When designing or redesigning your business’ website, you should be trying to make it accessible. Having an accessible website is of practical interest to your business since it allows users with a range of hearing, movement, visual, and cognitive abilities to access your website and become potential customers or clients. It’s also a legal requirement to have an accessible website since January 2021 according to the Accessibility for Ontarians with Disabilities Act (AODA) if your business has over 50 employees. Since website accessibility is so critical, we’ll highlight some of the best practices and tools to help you ensure your business’ website has maximum inclusivity.
How to Know if Your Website Design is Accessible
There are numerous potential concerns for building an accessible website, so how do you ensure your design is inclusive? For that, the World Wide Web Consortium has created a set of international guidelines: the Web Content Accessibility Guidelines (WCAG). These are continuously revised and are currently in version 2.1, with 2.2 to be finished in the coming couple of months. These provide both quick introductions and thorough overviews for inclusive website design and will help you start designing for accessibility and identify any potential concerns.
There are many things to consider when building an accessible website design. Here are some of the best practices to build and design an inclusive website:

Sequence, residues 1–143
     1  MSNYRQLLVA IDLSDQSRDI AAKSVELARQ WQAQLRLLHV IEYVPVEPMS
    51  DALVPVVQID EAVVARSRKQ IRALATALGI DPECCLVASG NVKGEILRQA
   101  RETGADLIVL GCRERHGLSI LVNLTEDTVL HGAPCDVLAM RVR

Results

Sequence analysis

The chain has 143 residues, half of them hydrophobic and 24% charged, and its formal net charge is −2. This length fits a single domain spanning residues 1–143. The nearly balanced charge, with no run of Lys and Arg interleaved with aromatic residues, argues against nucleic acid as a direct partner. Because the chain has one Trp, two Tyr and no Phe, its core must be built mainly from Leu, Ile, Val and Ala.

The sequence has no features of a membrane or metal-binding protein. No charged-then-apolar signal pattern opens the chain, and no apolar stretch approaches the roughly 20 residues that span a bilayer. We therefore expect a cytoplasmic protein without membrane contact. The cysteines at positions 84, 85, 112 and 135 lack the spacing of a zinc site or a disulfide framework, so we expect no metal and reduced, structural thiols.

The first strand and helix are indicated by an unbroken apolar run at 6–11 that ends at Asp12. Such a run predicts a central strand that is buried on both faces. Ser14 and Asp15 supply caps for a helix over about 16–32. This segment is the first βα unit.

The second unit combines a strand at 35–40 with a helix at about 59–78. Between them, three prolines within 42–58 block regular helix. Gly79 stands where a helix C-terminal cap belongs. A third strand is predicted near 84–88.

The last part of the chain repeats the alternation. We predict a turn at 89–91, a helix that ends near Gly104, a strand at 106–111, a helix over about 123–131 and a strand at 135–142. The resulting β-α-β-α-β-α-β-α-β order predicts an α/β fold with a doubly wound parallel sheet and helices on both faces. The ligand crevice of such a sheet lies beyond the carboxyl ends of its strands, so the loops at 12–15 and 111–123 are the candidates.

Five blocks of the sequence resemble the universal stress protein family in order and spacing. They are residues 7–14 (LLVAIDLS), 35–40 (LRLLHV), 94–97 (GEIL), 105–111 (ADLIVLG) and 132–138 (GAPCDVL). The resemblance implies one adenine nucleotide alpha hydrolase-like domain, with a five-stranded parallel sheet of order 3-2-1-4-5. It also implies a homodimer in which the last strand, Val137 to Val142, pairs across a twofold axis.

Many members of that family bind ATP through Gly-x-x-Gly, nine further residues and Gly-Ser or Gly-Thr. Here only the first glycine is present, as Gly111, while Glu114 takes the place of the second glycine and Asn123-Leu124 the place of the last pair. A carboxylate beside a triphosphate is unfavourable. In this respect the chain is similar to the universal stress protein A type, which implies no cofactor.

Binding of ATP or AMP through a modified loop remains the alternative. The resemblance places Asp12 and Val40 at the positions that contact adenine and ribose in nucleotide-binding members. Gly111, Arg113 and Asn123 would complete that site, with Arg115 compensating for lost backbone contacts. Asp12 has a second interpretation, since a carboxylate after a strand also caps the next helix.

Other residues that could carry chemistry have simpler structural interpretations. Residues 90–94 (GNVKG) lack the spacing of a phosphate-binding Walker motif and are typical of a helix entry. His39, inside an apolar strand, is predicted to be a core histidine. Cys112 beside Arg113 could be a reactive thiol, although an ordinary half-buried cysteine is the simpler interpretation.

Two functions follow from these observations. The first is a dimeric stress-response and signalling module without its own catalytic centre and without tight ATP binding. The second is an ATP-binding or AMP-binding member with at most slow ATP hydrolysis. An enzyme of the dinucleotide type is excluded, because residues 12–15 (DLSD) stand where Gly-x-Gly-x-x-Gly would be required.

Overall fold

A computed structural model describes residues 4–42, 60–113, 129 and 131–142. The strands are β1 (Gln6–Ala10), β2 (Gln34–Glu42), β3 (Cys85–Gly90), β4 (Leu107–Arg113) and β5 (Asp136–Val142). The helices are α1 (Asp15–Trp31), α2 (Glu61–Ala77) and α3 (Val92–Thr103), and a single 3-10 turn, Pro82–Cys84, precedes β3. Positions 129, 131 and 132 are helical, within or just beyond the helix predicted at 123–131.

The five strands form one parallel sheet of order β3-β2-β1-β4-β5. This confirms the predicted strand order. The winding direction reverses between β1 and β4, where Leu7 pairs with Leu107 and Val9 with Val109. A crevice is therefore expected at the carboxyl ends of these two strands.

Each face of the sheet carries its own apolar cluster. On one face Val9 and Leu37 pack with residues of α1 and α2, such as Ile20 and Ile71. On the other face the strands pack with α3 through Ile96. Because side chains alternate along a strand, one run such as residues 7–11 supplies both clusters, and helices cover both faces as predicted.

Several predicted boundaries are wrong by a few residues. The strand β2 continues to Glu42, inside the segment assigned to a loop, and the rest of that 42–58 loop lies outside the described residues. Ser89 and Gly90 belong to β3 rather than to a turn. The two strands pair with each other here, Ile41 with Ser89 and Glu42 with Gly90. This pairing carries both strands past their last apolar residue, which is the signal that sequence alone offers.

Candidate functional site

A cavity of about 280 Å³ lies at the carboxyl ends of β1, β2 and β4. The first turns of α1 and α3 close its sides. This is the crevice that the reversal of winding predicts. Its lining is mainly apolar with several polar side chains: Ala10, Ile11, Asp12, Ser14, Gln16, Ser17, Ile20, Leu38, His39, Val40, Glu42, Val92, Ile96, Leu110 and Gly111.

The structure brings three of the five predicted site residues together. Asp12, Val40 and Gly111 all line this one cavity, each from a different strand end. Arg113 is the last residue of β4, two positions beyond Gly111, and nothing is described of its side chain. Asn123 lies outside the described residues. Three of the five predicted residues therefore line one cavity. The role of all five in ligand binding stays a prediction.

- Start with accessibility in mind. It will be much easier to design a website that meets accessibility standards from the start of a design rather than trying to accommodate these afterwards.
- Make sure content is accessible to users in the ways they can perceive. People have varying levels of ability to perceive by sight and sound, so an inclusive website provides alternatives for accessing content.
- Use a variety of media, including text, video, audio, and images to convey information.
- Audio should be captioned or transcribed for speech or include a description for non-verbal sounds such as music.Include descriptive audio which explains what is happening in a video.
- Write detailed and descriptive alternative text (alt text) which describes the contents of an image or video in detail.
- Be sure to consider text and screen readers when writing any copy or content. Some might not be able to read the text on your website due to their visual or cognitive abilities.
- For example, don’t include excessive emojis. Screen readers read each of these individually. So a string of 👏👏👏 will be read as “clapping hands emoji clapping hands emoji clapping hands emoji.”
- Write with simple language to make it more accessible and inclusive. Often, it’s recommended to write at a “10th-grade reading level.” If more complicated terminology is needed, create a glossary that explains these terms in more simple language.
- Make sure your website scales. A scalable website modifies its appearance depending on the screen and text size of the user. This accommodates both the user’s device and personal settings for an accessible experience.